Kristen Clarke, President Joe Biden’s nominee to lead the Justice Department’s civil rights division, called for a hate crime investigation into the burning of a black church in Mississippi that turned out to have been set by one of its parishioners.
“We are deeply concerned regarding last night’s attack on Hopewell Missionary Baptist Church in Greenville, Mississippi,” Clarke, the president of the Lawyers’ Committee on Civil Rights Under Law, said in a statement on Nov. 2, 2016.
“We are even more concerned that this church, a cornerstone of this majority-Black community located in the heart of the Mississippi Delta, was vandalized and targeted on the eve of the upcoming 2016 general election. The toxic rhetoric of this election cycle continues to cast a dark cloud.”
The Hopewell church, built in 1905, was vandalized with the graffiti reading “Vote Trump” and set on fire on Nov. 1, 2016, a week before the election.
News outlets, activists and Greenville’s mayor initially suspected a hate crime.
Clarke’s group called on the Justice Department to open a “full investigation of this incident to determine if this was indeed a racially-driven hate crime and to identify the perpetrators behind this attack.”
The FBI opened a federal hate crimes investigation into the incident and determined the arson was not a hate crime.
More than six weeks after the incident, investigators charged Andrew McClinton, a member of the church, with setting the fire.
He pleaded guilty to arson March 28, 2019, and was sentenced to 10 years in prison. Prosecutors said that McClinton set the fire to cover up “illicit” activities he was involved in, the Associated Press reported.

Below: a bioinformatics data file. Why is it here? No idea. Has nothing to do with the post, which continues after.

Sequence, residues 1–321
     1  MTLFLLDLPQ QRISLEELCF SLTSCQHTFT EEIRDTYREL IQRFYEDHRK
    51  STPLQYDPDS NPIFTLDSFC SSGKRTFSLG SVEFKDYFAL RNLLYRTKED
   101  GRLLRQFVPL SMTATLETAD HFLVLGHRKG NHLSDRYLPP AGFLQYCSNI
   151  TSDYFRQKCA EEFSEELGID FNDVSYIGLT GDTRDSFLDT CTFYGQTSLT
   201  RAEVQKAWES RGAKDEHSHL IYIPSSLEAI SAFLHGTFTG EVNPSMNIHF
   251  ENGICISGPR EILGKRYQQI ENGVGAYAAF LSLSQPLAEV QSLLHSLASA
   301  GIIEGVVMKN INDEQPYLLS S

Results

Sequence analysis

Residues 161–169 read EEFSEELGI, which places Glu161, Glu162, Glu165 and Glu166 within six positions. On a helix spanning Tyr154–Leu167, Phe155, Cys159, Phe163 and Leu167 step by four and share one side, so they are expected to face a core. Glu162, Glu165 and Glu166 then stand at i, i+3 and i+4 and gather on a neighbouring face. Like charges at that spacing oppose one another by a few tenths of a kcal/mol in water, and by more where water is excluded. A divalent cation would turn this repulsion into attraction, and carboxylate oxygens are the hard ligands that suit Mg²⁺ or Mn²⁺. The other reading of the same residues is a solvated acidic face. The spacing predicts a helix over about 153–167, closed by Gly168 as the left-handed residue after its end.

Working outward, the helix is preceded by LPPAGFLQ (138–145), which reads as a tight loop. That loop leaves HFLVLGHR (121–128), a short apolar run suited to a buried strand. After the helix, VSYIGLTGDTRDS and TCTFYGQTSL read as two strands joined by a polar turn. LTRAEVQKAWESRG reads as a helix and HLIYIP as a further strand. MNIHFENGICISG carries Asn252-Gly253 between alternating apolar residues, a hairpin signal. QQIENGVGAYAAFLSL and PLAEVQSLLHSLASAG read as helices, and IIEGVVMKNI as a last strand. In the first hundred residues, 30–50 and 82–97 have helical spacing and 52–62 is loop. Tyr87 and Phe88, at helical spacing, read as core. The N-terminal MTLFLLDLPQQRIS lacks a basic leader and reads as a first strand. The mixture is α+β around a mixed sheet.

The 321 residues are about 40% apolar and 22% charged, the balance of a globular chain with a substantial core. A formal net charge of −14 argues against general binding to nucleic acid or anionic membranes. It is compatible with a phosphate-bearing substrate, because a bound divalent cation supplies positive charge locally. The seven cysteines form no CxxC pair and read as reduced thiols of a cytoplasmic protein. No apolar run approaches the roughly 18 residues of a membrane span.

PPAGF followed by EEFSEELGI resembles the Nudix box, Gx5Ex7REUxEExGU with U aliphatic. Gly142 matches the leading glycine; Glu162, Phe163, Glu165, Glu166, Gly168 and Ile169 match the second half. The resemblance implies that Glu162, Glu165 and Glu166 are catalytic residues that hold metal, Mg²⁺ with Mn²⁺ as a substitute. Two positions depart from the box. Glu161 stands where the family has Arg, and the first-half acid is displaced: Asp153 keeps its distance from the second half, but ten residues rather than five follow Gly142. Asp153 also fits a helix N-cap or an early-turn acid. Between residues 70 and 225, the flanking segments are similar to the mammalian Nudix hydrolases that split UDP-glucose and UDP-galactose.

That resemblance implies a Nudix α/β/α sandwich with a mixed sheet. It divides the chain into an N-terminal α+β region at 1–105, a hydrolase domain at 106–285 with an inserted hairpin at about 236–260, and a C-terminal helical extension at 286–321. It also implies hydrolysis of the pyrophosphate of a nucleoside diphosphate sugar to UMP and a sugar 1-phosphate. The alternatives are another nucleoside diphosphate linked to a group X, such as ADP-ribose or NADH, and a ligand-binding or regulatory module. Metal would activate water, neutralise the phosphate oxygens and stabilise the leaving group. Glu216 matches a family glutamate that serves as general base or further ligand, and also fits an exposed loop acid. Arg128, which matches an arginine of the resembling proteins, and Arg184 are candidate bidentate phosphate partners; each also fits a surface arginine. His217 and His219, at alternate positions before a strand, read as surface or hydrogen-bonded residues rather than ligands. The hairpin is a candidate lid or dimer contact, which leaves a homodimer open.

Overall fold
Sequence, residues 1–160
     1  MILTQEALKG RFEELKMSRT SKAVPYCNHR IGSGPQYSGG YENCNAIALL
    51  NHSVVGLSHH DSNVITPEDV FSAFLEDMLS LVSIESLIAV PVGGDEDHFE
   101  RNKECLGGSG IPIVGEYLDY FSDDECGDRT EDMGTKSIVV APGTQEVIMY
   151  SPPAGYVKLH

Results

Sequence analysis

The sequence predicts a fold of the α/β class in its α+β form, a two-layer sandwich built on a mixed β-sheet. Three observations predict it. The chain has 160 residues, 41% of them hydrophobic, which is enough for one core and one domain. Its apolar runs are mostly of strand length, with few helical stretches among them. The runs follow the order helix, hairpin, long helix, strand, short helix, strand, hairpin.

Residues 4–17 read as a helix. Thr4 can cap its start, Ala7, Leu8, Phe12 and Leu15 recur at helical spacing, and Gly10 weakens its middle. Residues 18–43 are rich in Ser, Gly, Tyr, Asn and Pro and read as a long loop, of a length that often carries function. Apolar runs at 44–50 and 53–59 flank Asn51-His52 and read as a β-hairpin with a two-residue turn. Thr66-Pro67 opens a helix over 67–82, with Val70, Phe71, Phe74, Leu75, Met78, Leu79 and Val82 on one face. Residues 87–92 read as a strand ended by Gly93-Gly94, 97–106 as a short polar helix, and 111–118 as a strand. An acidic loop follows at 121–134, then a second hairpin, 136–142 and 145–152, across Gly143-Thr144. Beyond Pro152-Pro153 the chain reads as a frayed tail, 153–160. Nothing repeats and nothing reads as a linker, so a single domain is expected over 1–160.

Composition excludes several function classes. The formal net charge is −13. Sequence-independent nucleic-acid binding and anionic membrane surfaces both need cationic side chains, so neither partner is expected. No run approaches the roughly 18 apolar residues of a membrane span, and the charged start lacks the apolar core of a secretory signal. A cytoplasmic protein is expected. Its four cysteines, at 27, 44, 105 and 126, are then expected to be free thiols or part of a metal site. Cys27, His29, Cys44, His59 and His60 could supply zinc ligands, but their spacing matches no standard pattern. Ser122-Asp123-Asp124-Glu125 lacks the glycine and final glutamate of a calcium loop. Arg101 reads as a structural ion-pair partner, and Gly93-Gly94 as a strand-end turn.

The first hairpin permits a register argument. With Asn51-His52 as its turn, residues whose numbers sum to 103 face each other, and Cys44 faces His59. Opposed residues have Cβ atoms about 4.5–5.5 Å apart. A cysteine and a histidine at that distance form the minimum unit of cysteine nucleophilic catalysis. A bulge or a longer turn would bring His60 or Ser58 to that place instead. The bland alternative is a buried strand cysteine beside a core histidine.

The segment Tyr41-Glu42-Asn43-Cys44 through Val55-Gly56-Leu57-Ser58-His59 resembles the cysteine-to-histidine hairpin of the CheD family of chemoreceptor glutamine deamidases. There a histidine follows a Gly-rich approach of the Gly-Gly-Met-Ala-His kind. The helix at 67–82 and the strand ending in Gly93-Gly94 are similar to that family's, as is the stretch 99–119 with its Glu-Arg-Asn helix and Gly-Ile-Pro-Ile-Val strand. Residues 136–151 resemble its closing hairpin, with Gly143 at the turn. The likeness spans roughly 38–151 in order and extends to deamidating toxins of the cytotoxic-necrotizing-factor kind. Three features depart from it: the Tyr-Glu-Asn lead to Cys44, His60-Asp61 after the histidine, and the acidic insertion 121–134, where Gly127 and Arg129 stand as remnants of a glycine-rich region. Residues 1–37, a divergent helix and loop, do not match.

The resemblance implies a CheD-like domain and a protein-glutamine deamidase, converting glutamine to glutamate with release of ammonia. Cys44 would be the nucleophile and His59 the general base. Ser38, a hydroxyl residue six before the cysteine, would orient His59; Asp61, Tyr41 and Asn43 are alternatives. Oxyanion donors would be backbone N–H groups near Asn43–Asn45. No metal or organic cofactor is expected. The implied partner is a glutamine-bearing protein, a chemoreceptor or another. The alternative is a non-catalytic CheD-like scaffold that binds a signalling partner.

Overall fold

The incident is not the first hate crime hoax to have fooled Clarke.
In 2019, she jumped to the defense of Jussie Smollett, the actor who made the since-debunked claim that two white Trump supporters attacked him in Chicago because he is gay and black.
Smollett filed a police report claiming that his attackers shouted “This is MAGA country,” a reference to the pro-Trump slogan, poured bleach on him, and put a rope around his neck.
To be clear — This is a BAD move by the Chicago Police Department. This is NOT how you treat survivors of a hate crime. Stop demonizing survivors and casting doubt on their claims if you want communities to trust that you will take #HateCrime seriously. @StopHateProj https://t.co/RIvF2tltly
— Kristen Clarke (@KristenClarkeJD) February 1, 2019
Clarke called the incident a hate crime at the time, and said that Smollett was “subjected to a racist and homophobic attack.”
Clarke also criticized Chicago police for requesting access to Smollett’s cell phone during the investigation.
“This is NOT how you treat survivors of a hate crime. Stop demonizing survivors and casting doubt on their claims if you want communities to trust that you will take #HateCrime seriously,” she tweeted on Feb. 1, 2019, several days after Smollett reported the incident.
Smollett was charged weeks later with felony counts of filing a false police report.
Two men who Smollett knew, both of whom are black, told investigators that the actor paid them $3,500 to stage the hate crime attack.
Clarke has not addressed either of the two hoaxes, the Smollett incident or the Hopewell church arson. Her group has not responded to several requests for comment.